Tom Ross: Gutenberg would fit in Silicon Valley | SteamboatToday.com

Tom Ross: Gutenberg would fit in Silicon Valley

Tom Ross

— Have you ever stopped to ponder what Gutenberg would have thought of e-readers like the Nook, Kindle and iPad?

I think it's a safe bet that the high-tech entrepreneur who invented the printing press 470 years ago would be dumbfounded if I could lend him my Kindle Touch today. As soon as he recovered his poise, Gutenberg probably would have tried to take my Kindle apart to find out how its maker stuffed all of those tiny pieces of movable metal type into such a slim little box.

I spent part of the weekend contemplating Gutenberg's role in launching modern mass media after reading a Kindle Single — call it an essay — "Gutenberg the Geek" by Jeff Jarvis, director of the Tow-Knight Center for Entrepreneurial Journalism at City University of New York.

Jarvis calls Gutenberg the world's first technology entrepreneur and observes that the parallels between the struggle he went through to perfect the technology of printing and the travails of Silicon Valley startups today are remarkable.

Like Silicon Valley entrepreneurs, Gutenberg struggled to raise capital and build a team. And he had a hard time monetizing his books at first, which led to him losing his company to a shrewd investor.

Johannes Gutenberg virtually invented mass communication in 1540. You probably already know that by adapting presses originally meant for other purposes and devising a way to manufacture large numbers of individual metal letters, Gutenberg moved books into the era of mass production. Bibles that previously were painstakingly hand-lettered by scribes could suddenly be printed in large numbers.

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Ultimately, it was the way Gutenberg's printing press transformed society that mattered most. Luther's religious reformation that took hold in Germany was dependent on his ability to publish his manifestos for mass consumption.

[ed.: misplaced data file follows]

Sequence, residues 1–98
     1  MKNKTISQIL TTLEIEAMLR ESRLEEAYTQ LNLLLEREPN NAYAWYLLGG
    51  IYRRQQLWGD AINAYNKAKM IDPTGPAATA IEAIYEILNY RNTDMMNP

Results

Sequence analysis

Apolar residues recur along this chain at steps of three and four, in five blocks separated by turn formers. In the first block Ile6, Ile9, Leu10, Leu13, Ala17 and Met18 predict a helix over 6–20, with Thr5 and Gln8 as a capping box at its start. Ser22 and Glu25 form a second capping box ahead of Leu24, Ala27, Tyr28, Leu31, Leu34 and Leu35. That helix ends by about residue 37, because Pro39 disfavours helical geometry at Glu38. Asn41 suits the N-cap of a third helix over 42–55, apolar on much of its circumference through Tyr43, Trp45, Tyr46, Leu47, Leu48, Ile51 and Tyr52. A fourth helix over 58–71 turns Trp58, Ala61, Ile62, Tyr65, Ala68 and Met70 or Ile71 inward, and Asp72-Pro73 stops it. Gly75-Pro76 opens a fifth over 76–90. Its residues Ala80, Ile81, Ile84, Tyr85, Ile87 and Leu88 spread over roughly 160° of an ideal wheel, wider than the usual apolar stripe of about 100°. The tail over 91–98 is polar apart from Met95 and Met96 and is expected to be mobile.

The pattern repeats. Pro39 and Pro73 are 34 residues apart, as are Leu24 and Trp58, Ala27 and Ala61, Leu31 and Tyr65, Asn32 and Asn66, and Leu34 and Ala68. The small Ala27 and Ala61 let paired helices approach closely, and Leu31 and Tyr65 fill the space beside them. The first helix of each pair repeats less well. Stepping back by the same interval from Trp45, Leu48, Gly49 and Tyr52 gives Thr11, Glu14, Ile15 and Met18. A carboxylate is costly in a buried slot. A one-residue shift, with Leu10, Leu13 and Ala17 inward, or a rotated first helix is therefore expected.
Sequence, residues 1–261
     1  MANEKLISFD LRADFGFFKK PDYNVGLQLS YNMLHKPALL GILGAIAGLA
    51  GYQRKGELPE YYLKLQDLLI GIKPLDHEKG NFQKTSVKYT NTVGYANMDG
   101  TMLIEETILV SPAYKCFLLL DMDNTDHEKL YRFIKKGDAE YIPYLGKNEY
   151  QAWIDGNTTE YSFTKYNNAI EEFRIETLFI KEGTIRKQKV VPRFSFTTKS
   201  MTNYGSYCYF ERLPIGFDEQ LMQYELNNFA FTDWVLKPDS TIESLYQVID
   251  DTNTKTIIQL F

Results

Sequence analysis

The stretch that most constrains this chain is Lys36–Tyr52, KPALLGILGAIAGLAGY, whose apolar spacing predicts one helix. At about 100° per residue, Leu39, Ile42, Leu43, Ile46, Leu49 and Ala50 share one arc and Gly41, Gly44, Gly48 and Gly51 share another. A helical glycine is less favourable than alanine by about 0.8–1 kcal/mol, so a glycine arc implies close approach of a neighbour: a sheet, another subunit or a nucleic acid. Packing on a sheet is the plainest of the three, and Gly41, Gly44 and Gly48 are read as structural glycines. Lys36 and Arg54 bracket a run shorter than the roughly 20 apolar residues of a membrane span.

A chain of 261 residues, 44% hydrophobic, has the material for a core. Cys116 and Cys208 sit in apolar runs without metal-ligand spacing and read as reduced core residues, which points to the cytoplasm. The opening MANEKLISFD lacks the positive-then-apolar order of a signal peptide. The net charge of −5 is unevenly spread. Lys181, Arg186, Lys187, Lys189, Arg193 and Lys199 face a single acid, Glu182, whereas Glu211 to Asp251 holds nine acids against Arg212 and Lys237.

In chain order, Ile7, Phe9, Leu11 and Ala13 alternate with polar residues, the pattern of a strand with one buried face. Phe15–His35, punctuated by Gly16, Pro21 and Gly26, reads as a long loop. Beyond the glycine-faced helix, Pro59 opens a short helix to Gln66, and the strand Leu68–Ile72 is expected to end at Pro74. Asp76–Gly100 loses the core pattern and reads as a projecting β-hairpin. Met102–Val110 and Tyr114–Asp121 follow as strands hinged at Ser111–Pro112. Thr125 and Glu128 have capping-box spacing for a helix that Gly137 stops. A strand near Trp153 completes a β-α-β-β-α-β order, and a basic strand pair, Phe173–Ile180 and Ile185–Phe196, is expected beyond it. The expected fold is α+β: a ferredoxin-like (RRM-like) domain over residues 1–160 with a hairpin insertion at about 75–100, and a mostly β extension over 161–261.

In the same vein, Jarvis writes, the printing press helped enable the rise of modern science, created new professions and even changed the way we retain knowledge.

We believe that the current explosion of information technology is transforming our world at a rate that is difficult to assimilate. But Jarvis cites scholars who believe it took 50 years before the full effect of Gutenberg's press and the era of mass production of books took hold on society.

From that, we can conclude that the revolution has just begun and the changes we are trying to come to terms with in the early part of this decade will only accelerate in the next few decades.

You can purchase Google ebooks through Off the Beaten Path Bookstore's website, and you can get assistance in downloading and borrowing library books for free at Bud Werner Memorial Library. You also can use the Nook at Barnes & Noble or the Kindle at Amazon.

Next up? I want to read Jarvis' full-length book, "Public Parts: How Sharing in the Digital Age Improves the Way We Work and Live."

To reach Tom Ross, call 970-871-4205 or email tross@SteamboatToday.com

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